UK energy supplier People’s Energy has suffered a data breach affecting its entire database, including information on previous customers.
Co-founder of the company, Karin Sode, told BBC News that sensitive personal information of its customers, including names, addresses, dates of birth, phone numbers, tariff and energy meter IDs had been stolen by hackers. Following discovery of the breach on Wednesday morning, it has contacted all its 270,000 current customers to inform them of the breach.
Additionally, the hackers accessed the bank accounts and sort codes of 15 small business customers, and People’s Energy said it had contacted them separately by phone. No other customers had their financial information accessed.
The firm added it has informed the Information Commissioners Office (ICO) of the breach, as well as the National Cyber Security Center (NCSC) and the police. It is now working with independent experts to investigate how the breach occurred and identity of the attackers.
Quoted by the BBC, Sode said: “This is a big blow in every way. We want people to feel they can trust us. This was not part of the plan. We’re upset and sorry.”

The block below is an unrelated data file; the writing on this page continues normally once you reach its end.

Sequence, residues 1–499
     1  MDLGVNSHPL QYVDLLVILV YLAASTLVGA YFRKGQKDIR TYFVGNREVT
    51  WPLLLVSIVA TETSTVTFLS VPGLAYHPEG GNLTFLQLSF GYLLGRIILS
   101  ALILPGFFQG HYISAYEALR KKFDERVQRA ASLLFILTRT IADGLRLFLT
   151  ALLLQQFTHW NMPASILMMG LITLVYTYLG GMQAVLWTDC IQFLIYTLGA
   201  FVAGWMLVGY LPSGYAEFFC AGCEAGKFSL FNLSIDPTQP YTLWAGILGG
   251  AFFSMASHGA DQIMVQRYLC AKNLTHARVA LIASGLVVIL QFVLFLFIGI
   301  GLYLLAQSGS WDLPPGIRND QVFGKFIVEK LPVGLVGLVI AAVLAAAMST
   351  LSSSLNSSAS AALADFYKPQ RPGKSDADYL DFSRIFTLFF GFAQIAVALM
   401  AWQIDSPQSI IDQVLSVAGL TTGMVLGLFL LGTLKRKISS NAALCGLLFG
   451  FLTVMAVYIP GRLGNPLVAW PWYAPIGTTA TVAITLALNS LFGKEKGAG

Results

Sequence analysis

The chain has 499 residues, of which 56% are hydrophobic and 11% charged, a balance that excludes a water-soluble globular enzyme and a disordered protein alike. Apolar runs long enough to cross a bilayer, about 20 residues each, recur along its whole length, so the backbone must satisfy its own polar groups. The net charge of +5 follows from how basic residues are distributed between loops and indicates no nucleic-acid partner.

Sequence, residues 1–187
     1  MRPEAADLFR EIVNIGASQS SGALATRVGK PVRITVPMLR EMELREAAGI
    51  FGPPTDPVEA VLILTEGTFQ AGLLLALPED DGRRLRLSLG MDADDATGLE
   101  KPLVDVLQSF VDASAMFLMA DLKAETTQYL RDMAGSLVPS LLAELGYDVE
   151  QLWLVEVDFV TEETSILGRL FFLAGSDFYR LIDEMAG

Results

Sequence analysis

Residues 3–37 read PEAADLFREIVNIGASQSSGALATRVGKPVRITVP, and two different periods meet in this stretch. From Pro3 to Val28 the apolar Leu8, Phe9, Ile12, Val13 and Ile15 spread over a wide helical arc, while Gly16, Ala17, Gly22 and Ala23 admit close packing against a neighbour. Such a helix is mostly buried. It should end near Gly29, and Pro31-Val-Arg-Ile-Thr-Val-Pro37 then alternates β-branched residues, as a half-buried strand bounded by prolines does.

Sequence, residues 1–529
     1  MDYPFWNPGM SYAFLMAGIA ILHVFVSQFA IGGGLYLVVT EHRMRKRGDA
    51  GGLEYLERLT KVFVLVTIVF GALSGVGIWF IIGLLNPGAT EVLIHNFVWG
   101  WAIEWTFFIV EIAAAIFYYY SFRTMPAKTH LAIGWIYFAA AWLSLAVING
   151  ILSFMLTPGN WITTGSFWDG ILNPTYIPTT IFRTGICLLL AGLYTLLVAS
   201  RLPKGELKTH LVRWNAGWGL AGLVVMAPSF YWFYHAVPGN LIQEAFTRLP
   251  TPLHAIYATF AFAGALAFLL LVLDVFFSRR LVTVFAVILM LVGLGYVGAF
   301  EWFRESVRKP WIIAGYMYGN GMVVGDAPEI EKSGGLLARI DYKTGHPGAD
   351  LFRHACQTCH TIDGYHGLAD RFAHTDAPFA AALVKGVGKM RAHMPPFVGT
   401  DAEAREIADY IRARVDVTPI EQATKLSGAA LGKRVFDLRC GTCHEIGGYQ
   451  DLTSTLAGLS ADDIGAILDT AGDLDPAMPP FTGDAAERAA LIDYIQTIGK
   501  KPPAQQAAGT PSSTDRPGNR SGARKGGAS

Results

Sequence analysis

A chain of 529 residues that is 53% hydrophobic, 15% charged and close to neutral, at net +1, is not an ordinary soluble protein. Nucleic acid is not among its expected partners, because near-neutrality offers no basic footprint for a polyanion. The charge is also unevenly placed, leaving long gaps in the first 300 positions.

Most of those affected are unlikely to face any direct financial risk, but will likely be at risk of targeted phishing attacks in the future.
Commenting, Paul Bischoff, privacy advocate at Comparitech.com, said: “Every data breach is cause for concern, but we should be particularly worried about attacks on critical infrastructure. In the coming days, I hope the attacker can be identified so we know whether this was a nation state threat actor or just an independent hacker looking for low-hanging fruit. Thankfully, People’s Energy’s actual service infrastructure was unaffected, and the vast majority of victims had none of their financial information stolen.
“People’s Energy customers should be on the lookout for targeted phishing messages from fraudsters posing as People’s Energy or a related company. They will use the personal information stored in the database to customize messages and make them more convincing. Never click on links or attachments in unsolicited emails, and always verify the sender’s identity before responding.”
Chris Hauk, consumer privacy champion at Pixel Privacy, added: “Data breaches like the one suffered by People’s Energy emphasizes the need for companies big and small to harden their systems against breaches of this sort. People’s Energy should be applauded for not wasting any time in alerting their customers and officials to the breach. This upfront admission could help prevent their customers from being phished by the bad actors that performed the breach.”